A cluster of coronavirus cases has emerged at a Georgia high school that drew national attention last week after students posted pictures and videos of their peers walking without masks in tightly packed hallways, according to a letter sent to parents over the weekend.

Six students and three staff members at North Paulding High School have reported testing positive for the virus, Principal Gabe Carmona wrote in the letter, which was first reported by the Atlanta Journal-Constitution. He said the infected people were in school “for at least some time” last week.

Superintendent Brian Otott later announced that the school will close Monday and Tuesday and revert to virtual learning while the building is cleaned.

The district will announce Tuesday evening whether in-person instruction will resume the next day, Otott wrote to parents Sunday in a second letter, shared by a WSB-TV reporter.

Otott added that anyone who has tested positive, as well as close contacts of people who have the virus, must quarantine for 14 days before returning to school.

“I apologize for any inconvenience this schedule change may cause, but hopefully we all can agree that the health and safety of our students and staff takes precedence over any other considerations at this time,” Otott wrote.

The infections validate concerns in Georgia and nationwide that crowded conditions in the nation’s K-12 schools could facilitate virus transmission as the new academic year begins. Young people develop severe infections at far lower rates than adults, but experts warn that they could be vectors for infecting more vulnerable populations, such as older relatives in the same household.

Coronavirus cases among U.S. children rose sharply in the second half of July, with more than 97,000 infections nationwide, according to newly released data from the American Academy of Pediatrics and the Children’s Hospital Association.

Carmona, the principal, said custodial workers were cleaning and disinfecting the school building daily — a practice that offers only marginal protections against the virus, which primarily spreads through person-to-person contact, not from contaminated surfaces.

“The health and well-being of our staff and students remains our highest priority," Carmona said, “and we are continuing to adjust and improve our protocols for in-person instruction to make our school the safest possible learning environment.”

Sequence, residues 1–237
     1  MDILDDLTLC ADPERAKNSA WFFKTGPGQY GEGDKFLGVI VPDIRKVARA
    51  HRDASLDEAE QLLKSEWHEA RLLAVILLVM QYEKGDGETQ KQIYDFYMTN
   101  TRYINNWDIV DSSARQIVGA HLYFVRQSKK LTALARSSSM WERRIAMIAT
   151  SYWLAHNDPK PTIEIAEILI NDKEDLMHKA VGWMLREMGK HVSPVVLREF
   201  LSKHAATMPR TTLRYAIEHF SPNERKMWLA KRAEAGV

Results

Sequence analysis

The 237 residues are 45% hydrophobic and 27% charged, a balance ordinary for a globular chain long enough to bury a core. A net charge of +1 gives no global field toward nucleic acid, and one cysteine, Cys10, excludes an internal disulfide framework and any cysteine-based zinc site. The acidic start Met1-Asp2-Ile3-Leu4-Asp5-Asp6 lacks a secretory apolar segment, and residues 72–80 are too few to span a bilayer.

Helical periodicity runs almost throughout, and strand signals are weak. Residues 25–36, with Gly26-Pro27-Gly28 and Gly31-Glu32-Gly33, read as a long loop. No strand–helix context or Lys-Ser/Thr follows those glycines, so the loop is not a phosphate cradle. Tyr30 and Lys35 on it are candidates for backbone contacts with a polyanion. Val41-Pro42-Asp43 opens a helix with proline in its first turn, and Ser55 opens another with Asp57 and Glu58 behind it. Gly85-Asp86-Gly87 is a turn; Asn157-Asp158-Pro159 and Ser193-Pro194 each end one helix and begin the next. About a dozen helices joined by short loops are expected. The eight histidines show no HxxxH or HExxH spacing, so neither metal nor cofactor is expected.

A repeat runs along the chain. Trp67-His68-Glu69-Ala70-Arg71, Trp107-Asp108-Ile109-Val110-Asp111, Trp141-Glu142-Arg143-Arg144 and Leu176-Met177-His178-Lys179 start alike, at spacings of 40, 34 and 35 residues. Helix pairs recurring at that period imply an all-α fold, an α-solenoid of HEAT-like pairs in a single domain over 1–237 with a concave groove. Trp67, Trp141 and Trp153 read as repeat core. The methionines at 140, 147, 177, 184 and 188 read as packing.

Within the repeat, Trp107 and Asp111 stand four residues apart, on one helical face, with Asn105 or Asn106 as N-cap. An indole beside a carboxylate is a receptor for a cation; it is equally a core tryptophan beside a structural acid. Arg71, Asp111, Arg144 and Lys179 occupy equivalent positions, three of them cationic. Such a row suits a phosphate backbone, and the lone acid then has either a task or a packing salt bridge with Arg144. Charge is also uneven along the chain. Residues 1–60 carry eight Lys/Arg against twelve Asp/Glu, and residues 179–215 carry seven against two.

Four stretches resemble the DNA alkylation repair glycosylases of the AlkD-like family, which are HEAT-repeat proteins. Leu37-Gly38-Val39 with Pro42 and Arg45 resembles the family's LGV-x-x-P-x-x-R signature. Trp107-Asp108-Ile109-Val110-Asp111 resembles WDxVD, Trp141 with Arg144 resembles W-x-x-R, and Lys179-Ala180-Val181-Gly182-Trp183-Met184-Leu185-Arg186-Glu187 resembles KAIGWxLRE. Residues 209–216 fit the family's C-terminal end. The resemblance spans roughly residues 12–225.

A representative for the Paulding County School District did not immediately respond to a request for comment Sunday.

The school of more than 2,000 in Dallas, Ga., was thrown into the national spotlight last week when students posted images on social media showing seas of students milling through the halls between classes.

The school district suspended two students who shared the images, prompting another wave of negative attention from critics who said administrators were silencing them. Administrators reversed the suspensions on Friday following the backlash.

Lynne Watters, the mother of one of the students, said her daughter would be able to return to school Monday with her disciplinary record unblemished. “The principal just said that they were very sorry for any negative attention that this has brought upon her," Watters said in a text message, “and that in the future they would like for her to come to the administration with any safety concerns she has.”

Officials have continually sought to play down concerns generated by images of the crowded corridors.

On Wednesday, Otott told parents in a letter that although the photo “does not look good,” the conditions were permissible under the Georgia Department of Education’s health recommendations.

The superintendent also misleadingly cited a state health department document listing the different ways people can become infected with the coronavirus. He claimed that exposure occurs after “being within 6 feet of a sick person with COVID-19 for about 15 minutes” but omitted other factors such as being coughed on that can cause the virus to spread faster and more directly.

Marisa Iati and Lateshia Beachum contributed to this report.

Read more: